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POSTED February 9, 2012 8:59 p.m.

 

REPORT SAYS APPLE TO UNVEIL NEW IPAD IN MARCH: SAN FRANCISCO (AP) — A news report says Apple plans to unveil a new iPad early next month.

AllThingsD, a website affiliated with The Wall Street Journal, says Apple Inc. is holding an event in San Francisco the first week of March — the same week Apple announced the iPad 2 last year.

The report cites unnamed people familiar with the device. Apple declined comment Thursday.

It's not known whether the new device will be called the iPad 3, and when it will be available for sale. Last year, sales of the iPad 2 began in the U.S. nine days after the announcement.

Since the first iPad came out in 2010, sales of traditional computers have slowed. Rivals PC and phone makers have been unable to mirror Apple's success with their own tablet computers.

ORACLE TO PAY $1.9B FOR TALEO, EXTENDS SAP RIVALRY: REDWOOD SHORES  (AP) — Oracle Corp. is escalating its rivalry with German business-software maker SAP AG with a $1.9 billion purchase of Taleo Corp., a company that helps businesses hire and manage their employees.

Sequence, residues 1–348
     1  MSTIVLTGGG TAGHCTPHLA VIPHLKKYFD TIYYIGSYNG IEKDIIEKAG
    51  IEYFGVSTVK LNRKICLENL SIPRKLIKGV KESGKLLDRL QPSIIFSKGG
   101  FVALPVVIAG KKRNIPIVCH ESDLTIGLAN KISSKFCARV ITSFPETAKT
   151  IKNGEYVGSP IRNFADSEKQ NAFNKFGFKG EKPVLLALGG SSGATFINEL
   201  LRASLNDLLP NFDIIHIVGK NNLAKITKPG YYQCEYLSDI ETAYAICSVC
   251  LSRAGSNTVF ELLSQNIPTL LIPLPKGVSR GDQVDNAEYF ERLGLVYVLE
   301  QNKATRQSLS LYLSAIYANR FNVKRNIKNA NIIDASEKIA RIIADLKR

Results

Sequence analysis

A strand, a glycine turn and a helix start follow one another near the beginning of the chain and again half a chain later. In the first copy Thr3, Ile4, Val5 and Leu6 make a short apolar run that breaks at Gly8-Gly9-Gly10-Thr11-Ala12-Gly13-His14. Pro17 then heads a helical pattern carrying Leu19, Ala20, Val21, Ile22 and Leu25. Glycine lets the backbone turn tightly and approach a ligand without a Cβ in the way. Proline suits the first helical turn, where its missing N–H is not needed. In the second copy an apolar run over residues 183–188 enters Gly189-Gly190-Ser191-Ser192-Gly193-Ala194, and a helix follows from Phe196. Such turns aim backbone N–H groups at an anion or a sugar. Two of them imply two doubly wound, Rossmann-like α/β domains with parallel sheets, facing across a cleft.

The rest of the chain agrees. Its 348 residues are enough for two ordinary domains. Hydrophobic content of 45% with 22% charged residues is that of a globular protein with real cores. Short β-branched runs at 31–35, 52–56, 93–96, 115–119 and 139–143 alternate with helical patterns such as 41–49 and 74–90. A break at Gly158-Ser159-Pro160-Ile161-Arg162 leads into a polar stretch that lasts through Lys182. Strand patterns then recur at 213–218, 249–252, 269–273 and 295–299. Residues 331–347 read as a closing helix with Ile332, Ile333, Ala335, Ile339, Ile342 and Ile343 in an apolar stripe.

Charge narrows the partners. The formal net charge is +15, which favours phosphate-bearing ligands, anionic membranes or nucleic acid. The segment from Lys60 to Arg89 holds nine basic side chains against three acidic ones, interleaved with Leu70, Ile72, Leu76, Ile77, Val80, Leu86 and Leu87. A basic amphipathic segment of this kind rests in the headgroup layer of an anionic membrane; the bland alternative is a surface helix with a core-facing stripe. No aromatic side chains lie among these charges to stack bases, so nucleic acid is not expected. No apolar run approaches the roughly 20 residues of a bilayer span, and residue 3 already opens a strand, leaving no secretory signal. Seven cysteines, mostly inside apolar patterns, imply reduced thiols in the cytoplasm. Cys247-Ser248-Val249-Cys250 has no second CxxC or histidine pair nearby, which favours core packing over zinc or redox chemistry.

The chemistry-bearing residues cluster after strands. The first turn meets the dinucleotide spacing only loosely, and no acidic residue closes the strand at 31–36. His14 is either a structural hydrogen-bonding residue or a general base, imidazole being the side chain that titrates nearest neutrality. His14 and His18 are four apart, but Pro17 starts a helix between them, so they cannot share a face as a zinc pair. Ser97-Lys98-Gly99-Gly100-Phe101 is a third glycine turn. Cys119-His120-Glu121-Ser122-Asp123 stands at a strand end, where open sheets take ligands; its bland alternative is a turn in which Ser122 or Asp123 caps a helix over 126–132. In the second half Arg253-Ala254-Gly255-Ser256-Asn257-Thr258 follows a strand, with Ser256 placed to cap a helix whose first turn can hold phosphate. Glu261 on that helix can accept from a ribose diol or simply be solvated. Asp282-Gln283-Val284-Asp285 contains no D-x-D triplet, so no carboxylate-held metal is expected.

The proposed purchase announced Thursday extends Oracle's offerings in a growing arena of computing known as the cloud. With such an approach, businesses don't run software and services in-house. Instead, those tasks are dispatched over the Internet to remote locations operated by companies such as Oracle, SAP and IBM Corp.

Oracle, which is based in Redwood Shores, Calif., pounced on Taleo just two months after SAP struck a deal to buy a similar Silicon Valley software service, SuccessFactors, for $3.4 billion. It also comes as another rapidly growing company called Workday is emerging as a cloud-computing threat in human-resources software.

US VIDEO GAME SALES FALL 34 PERCENT IN JANUARY: LOS ANGELES (AP) — U.S. retail sales of video game hardware, software and accessories fell 34 percent in January from a year earlier to $751 million due to the lack of new game titles, according to market researcher NPD Group.

NPD analyst Liam Callahan said the dearth of new games likely resulted in fewer people going to stores and buying other recent releases on impulse.

"Shoppers were not drawn to stores due to new launch activity," he said.

Callahan said sales of titles released before the holidays were down 31 percent in January compared to a year ago.

Sales of console and portable software — the video games themselves — fell 38 percent to $356 million.

 

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